This column first appeared in Malta Today
It does get wearying sometimes trying to argue with people who cannot admit to what is staring them in the face.
The fact that we have a rubbish problem is an undeniable fact which greets us every time we step outside our front doors. As we navigate through the empty plastic bottles, cigarette butts and styrofoam takeaway containers, in between sidestepping choice lumps of dog excrement, only those who are truly in denial will refuse to acknowledge the truth. The island is dirty and up to its eyeballs in discarded waste, made worse every time we have a few windy days like we’ve had recently. Despite free garbage collection on designated days and despite constant campaigns, there are those who persist in ignoring them. Others just casually toss whatever containers they have been drinking or eating from on the ground with careless abandon. Even as you drive you will see used cigarettes being flicked from the driver’s window and empty packets of Twistees being thrown out of the passenger windows. I’m done with it, who cares? Out it goes.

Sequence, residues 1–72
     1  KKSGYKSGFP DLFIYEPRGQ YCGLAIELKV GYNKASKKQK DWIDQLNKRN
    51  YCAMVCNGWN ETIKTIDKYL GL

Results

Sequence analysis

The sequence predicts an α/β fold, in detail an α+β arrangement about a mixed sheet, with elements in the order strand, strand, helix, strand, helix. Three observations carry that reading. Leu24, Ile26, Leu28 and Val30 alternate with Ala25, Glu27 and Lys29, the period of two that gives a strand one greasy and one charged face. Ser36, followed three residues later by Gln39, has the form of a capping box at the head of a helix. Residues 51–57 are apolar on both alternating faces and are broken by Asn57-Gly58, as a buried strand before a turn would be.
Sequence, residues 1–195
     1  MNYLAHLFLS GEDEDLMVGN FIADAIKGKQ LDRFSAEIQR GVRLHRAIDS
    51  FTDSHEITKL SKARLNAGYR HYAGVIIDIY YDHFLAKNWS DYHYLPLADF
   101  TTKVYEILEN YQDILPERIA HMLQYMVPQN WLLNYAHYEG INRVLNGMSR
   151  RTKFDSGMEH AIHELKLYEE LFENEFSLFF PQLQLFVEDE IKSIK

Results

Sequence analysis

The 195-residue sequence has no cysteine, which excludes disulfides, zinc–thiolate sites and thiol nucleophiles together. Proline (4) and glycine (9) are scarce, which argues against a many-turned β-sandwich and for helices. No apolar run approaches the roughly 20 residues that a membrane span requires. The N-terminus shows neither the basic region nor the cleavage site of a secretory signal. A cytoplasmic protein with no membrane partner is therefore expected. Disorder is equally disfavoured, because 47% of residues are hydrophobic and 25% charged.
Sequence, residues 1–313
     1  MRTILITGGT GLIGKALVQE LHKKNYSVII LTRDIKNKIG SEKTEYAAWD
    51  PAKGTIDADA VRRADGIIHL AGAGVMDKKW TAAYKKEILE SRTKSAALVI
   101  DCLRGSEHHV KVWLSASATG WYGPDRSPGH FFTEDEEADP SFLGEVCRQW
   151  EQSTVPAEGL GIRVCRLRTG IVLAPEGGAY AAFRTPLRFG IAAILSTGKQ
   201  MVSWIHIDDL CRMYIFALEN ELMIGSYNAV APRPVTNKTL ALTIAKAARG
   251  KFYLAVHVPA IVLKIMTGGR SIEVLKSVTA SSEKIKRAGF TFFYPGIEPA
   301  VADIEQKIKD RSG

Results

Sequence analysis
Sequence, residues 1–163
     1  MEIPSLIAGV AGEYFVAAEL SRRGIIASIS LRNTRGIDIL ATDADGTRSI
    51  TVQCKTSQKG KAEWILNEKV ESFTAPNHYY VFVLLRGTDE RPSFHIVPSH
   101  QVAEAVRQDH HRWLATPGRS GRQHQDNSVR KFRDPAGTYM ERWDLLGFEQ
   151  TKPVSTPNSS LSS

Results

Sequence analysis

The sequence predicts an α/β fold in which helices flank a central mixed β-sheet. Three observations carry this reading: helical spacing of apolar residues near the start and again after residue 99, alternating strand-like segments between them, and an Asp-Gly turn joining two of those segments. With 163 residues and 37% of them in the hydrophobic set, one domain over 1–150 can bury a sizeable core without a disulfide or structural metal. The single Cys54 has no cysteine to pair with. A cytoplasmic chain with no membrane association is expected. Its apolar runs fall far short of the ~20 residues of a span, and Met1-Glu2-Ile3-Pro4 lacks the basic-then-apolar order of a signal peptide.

As long as I can remember there has been a distinct lack of civic pride in Malta, and this is the root cause of why we cannot get to grips with the trail of waste which accurately pinpoints the locations where people have munched away at a pizza, sat down to have a picnic or taken their dog for a walk. Like some cockeyed remake of Hansel & Gretel, the rubbish strewn in our streets precisely depicts where people have passed from, and it is not surprising that those who come from countries where littering is severely frowned upon, are taken aback by such a senseless disregard towards keeping our own country clean.
This week, a Russian photographer who has been based in Malta for five years, who goes by the name of Katrin de Rusko, decided to have a model pose among the rubbish she has seen in our streets, at the beach and even in the sea. The striking images were so effective and drove the message home so forcefully that I suggested they should be used as part of an awareness campaign. But, predictably, not everyone who saw these photos was a happy bunny.
The usual defensiveness kicked in, and instead of admitting that her keen photographer’s eye was portraying reality, we got the usual gibberish about “a foreigner trying to make Malta look bad”. And while it is true that some photos were staged for artistic purposes, it is not as if she had to scrounge around and look too far afield to find some rubbish. Speaking to the The Times she said, “Yes, in a couple of the photos – such as the one with litter in the bush – I did arrange the items to capture the photo, but I didn’t have to bring any garbage with me as it was already lying around. When it come to the photo of the model lying on the sand or in water, we didn’t have to change a thing.”